Of course, it’s always important to have as many certifications under your belt, but you also need an arsenal of skills to effectively deliver a successful design. You will need a good aesthetic eye. This means you need to be able to look at an empty or furnished space and understand how it should be laid out and what story it needs to tell.
The entire design must flow throughout the home and that is why you must pay attention to the details. You should always maintain good communication skills with every client, contractor, and vendors throughout the process. If there is a lack of communication, then the overall design has the potential to fail.
You must be extremely organized during each project. Keeping tabs on all client needs, orders and receipts is crucial to running an effective business. Being aware of the latest trends and sustainable products can be equally important and it will keep you relevant.
The last but most essential skill needed in today’s world is being technologically savvy. You don’t have to become the next Bill Gates or anything, but you must know your way around a computer and the many design apps. They will make your job easier and allow you to grow more efficiently.
Carolyn Ames Noble, chair of the American Society of Interior Designers, or ASID noted:
Having your short- and long-term goals charted out with an outline of when you want to reach them helps tremendously in keeping you motivated. That being said, it’s also important to remember that it’s okay if not all of your goals are met, but that it’s the journey along the way that helps mold your character and career.
Once you have completed formal training and honed your skills, you might want to decide what type of design to specialize in. The easiest and most popular career to transition into is residential design. Residential design specializes in interior spaces within a person’s home or apartment.
Another avenue you can take is going into commercial or kitchen and bath design. Commercial designers create interiors for professional workplaces such as offices or retail stores. Kitchen and Bath design is for those that solely enjoy the renovation or development aspect of a kitchen or bathroom.
Healthcare or hospitality design is probably the least-known specialty that involves the renovation and design of hospitals, doctor’s or dentists’ offices, and hotels. Finally, the most rewarding and niche would be universal design. It encompasses the designing and renovation of a specific environment to make it more accessible to the elderly or those with special needs.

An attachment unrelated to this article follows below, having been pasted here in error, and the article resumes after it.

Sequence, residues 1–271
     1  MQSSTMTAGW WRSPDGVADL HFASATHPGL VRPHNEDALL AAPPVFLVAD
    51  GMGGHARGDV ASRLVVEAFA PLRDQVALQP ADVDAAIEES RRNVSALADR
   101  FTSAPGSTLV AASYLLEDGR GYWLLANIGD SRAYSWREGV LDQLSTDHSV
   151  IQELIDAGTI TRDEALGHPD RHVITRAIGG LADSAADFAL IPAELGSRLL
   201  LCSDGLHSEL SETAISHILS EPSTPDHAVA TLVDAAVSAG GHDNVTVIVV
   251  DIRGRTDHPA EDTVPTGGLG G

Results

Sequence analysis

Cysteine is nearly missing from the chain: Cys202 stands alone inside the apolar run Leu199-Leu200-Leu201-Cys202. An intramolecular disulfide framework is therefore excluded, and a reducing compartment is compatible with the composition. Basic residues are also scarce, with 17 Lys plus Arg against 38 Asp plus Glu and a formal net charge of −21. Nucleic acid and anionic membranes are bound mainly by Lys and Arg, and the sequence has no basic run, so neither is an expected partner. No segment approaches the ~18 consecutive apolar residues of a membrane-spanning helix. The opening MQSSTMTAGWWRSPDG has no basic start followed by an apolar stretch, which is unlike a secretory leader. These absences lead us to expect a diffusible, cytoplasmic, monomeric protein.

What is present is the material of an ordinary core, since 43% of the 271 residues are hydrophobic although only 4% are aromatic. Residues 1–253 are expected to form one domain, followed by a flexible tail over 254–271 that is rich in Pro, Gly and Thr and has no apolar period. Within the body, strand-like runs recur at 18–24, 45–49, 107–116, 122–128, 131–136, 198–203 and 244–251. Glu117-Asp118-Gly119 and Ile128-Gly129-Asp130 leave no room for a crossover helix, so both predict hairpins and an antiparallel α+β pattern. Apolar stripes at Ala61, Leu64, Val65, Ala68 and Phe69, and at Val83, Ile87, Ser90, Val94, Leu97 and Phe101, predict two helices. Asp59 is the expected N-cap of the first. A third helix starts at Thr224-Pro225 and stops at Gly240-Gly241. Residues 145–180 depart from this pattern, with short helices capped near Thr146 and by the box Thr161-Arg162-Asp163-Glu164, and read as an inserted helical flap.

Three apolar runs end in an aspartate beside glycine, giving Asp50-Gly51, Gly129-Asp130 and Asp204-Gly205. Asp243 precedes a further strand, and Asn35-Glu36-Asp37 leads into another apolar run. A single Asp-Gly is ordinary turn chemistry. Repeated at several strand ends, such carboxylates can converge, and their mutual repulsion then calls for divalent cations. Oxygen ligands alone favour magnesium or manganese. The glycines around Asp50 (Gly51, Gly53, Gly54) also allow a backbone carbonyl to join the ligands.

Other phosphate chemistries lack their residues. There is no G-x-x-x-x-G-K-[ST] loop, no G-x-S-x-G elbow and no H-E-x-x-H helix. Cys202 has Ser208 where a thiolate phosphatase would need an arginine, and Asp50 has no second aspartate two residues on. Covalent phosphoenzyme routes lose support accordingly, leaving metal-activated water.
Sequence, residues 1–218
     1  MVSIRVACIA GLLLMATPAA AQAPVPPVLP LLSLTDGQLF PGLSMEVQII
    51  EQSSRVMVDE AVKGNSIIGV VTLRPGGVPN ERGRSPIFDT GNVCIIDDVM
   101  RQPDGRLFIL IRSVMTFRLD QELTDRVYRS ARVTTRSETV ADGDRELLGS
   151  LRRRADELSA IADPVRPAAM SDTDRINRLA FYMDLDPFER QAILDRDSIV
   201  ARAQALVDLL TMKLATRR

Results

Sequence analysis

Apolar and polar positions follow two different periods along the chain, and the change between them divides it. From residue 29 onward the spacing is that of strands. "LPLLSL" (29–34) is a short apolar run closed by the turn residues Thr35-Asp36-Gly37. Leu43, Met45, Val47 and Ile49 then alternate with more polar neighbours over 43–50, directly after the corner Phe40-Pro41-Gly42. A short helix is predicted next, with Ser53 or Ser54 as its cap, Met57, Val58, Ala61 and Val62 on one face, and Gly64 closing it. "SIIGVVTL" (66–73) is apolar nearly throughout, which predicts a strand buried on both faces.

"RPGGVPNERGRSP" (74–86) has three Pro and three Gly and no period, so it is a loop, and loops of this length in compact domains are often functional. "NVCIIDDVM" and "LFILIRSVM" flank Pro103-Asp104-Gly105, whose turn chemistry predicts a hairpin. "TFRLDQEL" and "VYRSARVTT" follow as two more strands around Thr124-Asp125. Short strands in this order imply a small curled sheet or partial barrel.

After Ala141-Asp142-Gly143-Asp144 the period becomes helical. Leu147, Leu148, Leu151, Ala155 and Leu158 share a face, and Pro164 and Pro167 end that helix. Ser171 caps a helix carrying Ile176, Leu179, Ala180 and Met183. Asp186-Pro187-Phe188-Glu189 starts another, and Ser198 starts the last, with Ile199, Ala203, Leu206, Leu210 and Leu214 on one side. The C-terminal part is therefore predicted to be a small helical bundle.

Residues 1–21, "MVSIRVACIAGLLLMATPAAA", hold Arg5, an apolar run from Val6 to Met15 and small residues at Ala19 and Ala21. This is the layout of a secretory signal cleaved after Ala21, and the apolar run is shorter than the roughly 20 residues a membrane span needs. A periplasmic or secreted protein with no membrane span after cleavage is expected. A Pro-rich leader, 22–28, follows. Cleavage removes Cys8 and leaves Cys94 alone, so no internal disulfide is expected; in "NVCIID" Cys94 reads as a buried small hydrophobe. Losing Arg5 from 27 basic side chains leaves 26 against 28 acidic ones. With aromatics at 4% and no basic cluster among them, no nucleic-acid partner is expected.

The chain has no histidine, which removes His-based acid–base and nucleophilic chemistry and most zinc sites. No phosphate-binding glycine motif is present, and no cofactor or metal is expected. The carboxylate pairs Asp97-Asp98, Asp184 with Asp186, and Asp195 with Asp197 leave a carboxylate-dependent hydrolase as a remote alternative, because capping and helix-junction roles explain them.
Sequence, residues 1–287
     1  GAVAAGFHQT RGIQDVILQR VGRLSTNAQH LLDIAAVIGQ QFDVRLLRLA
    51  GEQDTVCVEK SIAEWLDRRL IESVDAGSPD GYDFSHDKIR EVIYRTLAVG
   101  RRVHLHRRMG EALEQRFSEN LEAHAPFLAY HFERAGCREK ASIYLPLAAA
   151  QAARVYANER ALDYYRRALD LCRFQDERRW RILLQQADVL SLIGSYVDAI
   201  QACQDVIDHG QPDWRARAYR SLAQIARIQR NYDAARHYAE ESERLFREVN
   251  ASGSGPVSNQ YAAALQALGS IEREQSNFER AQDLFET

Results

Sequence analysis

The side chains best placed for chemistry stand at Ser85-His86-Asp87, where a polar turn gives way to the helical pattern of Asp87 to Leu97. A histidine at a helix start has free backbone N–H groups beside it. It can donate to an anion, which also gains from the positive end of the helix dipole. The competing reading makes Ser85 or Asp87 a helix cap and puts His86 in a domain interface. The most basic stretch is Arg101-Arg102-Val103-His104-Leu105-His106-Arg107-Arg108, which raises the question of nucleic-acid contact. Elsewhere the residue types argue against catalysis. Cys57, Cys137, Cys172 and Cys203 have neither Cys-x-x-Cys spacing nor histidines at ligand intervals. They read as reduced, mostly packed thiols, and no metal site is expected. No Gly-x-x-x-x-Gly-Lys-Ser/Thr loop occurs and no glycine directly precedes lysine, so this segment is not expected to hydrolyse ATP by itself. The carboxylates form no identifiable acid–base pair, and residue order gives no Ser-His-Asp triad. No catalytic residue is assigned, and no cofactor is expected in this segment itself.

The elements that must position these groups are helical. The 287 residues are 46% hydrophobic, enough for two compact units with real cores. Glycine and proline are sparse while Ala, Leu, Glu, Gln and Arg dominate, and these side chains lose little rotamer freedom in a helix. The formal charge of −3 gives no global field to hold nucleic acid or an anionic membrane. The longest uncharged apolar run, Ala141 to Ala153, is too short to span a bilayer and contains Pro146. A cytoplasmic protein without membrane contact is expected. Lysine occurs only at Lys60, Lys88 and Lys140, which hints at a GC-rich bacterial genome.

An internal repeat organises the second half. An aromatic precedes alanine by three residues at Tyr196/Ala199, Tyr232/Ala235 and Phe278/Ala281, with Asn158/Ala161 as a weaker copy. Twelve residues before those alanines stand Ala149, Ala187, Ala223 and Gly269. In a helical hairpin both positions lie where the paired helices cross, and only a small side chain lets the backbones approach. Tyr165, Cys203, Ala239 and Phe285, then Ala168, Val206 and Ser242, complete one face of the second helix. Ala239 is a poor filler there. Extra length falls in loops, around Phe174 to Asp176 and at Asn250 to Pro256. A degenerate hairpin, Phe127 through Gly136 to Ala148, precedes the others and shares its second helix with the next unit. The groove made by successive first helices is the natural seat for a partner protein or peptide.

Use Contracts When Hired for a Project
The first thing I recommend, immediately when you get hired to design a project, is writing a contract. Be sure to state the entire scope of the job and the payment agreed upon between yourself and your client. An interior design contract is important, as it outlines how you will perform and helps protect you and your client.
The sole purpose is so you and the client can completely understand the terms of your working agreement. It’s a way to guarantee that you will get paid for services rendered because I can’t express to you how vital a contract is, especially if you are a small business owner. It’s up to you how to structure your contract and you can google ideas and suggestions for the best outline.
According to Google, these are the best points to include in a contract: A statement of the work, your purchasing and warranty terms, a clause for outside consultants and contractors, the terms for photographs and publicity of your work, an intellectual property clause, and termination terms.
I would also include a clause that states any deposit made up-front is non-refundable and you, as the designer, can terminate said contract immediately due to lack of payment. You want to make sure both parties sign the contract and that your client gets a copy.
Believe me, when I say that, inevitably there will be issues that emerge. This way, you are protected legally from any problems or disagreements that may arise during the project.
Tasks, Project Scope and What Kind of Things Interior Designers Do
Depending on the scope of the project, you may be in charge of many tasks. After you are hired, you will need to measure every inch of the room or building that is being designed. This is extremely important because you will be sketching or creating a floor plan on your computer and this will indicate the scale of furniture needed and the layout of each room.
If you don’t measure correctly, you could risk buying furniture or rugs that don’t fit the space and that is a very expensive mistake. You will often meet with your client at the beginning to discuss color schemes, interior styles they like, and the overall function of the room will be. I always make sure to take extensive notes on every site visit.
It’s an easy way to keep track of what is needed and it gives you a reference point, in case questions arise later about an earlier decision. Once you have a good understanding of what is needed, you might create a mood board displaying items that you’ve spent hours sourcing online or in person. I usually create “concept boards” for my clients, showcasing furniture and accessories you’re considering using in a project.